A Reality Show Tale With A Sci-Fi Twist
♦ Tripwire’s Tim Cundle reviews Dark Horse’s Gigantic, out now by Rick Remender and Eric Nguyen…
Writer: Rick Remender
Artists: Eric Nguyen & Matthew Wilson
Forget everything that you thought you knew, because in Gigantic, Rick Remender completely re-writes the course of human evolution and the history of the world that mankind calls home. Taking a leaf out of the (incredibly slim) creationist book of science and following Giorgio Tsoukalos’ belief that aliens are responsible for all of man’s endeavours and triumphs, Remender turns the dial on strange science fiction up to eleven with his tale of intergalactic entertainment, giant alien gladiators and the end of the world. Postulating that Earth is a mere five thousand years and was constructed and populated with a warlike, capricious and selfish genetically engineered and purpose created species solely to provide a reality show for a Universe that, now it’s conquered all of its ills, has become lazy and complacent, Gigantic is the story of what happens when the marionettes turn on the puppeteers.
With the Earth channel a ratings winner for five millennia, one of the cosmically favoured cast members is, in a delicious nod the to the general paranoia and b-movies of 1950s, kidnapped by a flying saucer and transformed into the greatest fighting machine that the galaxy has ever known, mega champion supreme warrior, Gigantic. But suddenly, after a lifetime of ruling the galactic airwaves as the biggest draw on extraterrestrial video, Gigantic is overcome with an urge to return home and save the day when he discovers that UBC’s (that’s the Universal Broadcasting Corporation for the benefit of us mere Earthlings) highest-rated show is about to be cancelled. This means that the Earth (and everyone on it) is about to be taken off the board. Permanently. However, things don’t exactly go to plan and Gigantic’s return sets a series of cataclysmic events in motion and between the bounty hunters, nuclear launches, being forced to battle one of his comrades in pugilistic arms and facing a world-ending super robot, Gigantic’s long overdue homecoming doesn’t go the way he imagined it would. And when it’s left up to him, with a little help from some of his newly discovered mutant telepathic allies, to step up to the plate and shut down his former employers for good, Gigantic dusts himself down and sets off to do the right thing even though it means he’ll almost certainly lose all that he is and all that he holds dear in the process.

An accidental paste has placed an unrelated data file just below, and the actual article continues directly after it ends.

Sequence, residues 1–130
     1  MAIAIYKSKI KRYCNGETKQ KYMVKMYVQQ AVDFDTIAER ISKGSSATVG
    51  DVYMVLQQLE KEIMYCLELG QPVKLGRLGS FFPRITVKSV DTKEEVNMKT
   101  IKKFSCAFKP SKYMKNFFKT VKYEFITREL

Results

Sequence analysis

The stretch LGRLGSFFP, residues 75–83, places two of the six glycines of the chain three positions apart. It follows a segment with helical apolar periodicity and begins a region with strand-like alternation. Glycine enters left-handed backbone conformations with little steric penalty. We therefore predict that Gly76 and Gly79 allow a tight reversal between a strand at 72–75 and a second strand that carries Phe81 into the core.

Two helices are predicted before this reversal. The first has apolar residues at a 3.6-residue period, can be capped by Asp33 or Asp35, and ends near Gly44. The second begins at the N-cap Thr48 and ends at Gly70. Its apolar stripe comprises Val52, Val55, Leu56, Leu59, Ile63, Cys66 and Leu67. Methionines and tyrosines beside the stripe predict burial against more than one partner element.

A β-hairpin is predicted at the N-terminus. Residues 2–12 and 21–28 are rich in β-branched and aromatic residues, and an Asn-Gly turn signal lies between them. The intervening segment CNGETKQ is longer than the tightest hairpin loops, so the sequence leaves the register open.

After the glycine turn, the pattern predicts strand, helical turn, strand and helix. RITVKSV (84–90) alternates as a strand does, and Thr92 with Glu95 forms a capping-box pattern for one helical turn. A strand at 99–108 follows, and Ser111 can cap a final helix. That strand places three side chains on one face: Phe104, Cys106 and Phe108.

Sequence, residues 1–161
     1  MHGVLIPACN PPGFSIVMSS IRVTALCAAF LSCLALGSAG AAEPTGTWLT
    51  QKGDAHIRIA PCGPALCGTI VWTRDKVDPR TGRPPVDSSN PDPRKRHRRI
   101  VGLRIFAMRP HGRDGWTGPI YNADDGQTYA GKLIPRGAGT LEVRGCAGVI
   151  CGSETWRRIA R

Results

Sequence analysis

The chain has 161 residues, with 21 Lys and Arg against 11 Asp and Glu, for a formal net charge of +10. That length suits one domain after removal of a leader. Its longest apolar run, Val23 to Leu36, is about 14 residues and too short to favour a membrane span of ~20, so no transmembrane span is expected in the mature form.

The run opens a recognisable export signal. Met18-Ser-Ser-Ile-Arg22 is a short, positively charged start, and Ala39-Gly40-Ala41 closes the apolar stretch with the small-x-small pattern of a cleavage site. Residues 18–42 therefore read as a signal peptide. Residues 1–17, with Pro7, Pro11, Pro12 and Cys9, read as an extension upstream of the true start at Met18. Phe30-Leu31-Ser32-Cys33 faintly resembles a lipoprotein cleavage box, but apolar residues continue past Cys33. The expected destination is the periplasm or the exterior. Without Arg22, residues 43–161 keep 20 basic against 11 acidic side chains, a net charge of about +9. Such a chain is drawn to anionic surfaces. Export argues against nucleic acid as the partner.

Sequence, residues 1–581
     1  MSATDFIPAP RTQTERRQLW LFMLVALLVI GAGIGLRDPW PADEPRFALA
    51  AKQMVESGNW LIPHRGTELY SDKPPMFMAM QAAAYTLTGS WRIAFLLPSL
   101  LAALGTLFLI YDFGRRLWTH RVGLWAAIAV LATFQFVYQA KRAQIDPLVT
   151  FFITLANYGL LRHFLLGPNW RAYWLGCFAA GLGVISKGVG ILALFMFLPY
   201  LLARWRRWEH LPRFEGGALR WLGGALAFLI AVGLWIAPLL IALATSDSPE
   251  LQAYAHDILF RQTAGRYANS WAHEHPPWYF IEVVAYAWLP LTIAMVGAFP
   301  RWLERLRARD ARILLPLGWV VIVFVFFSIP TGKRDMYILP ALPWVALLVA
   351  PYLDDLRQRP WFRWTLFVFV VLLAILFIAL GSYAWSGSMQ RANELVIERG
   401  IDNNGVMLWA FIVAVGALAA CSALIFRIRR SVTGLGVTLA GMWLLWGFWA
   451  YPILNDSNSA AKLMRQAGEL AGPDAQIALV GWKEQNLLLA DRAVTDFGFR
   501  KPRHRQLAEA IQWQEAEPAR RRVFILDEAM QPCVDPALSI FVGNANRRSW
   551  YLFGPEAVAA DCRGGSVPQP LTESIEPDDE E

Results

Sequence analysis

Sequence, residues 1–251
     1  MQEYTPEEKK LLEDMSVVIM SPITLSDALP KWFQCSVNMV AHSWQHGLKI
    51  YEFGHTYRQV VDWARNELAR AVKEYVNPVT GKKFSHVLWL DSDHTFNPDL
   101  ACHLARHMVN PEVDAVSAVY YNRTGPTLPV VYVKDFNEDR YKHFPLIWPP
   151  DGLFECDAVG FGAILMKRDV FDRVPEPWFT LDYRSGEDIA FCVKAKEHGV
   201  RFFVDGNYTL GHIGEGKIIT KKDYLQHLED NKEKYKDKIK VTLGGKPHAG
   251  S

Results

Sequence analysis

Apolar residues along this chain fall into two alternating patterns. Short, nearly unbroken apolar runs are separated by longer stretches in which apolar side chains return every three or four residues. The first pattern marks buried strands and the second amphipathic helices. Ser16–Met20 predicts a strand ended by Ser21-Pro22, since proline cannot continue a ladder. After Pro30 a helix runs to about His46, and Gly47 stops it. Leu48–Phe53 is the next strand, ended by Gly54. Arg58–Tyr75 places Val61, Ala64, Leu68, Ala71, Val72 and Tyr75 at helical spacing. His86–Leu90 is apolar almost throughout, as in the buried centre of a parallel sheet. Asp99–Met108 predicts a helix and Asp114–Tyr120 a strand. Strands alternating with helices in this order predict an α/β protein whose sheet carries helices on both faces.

Gigantic is the literary equivalent of a science fiction and comic book fan’s wet dream. Featuring a multitude of wonderfully inventive and imaginative ideas, it’s like a turbo-charged version of The Truman Show as if it had been written as a collaboration between Ray Bradbury and Philip K. Dick. Drawing from the finest manga tradition and brought into being by the stunning art of Nguyen and Wilson, Remender’s story also serves as a social critique as it questions the masses devotion to mindless, creatively bereft and banal television and illustrates how easily that’s twisted into compliance and the surrender of freewill by the rich and powerful. Proudly wearing its influences on its four colour sleeves, and there’s so many of them it’s impossible to single any out, and joyously incorporating them into its plot, Gigantic is a cinematic epic, a budget bursting blockbuster, that’s been compressed into one hundred and fifty pages of perfectly executed adrenaline fuelled excitement. It’s big, it’s bold, it’s Gigantic…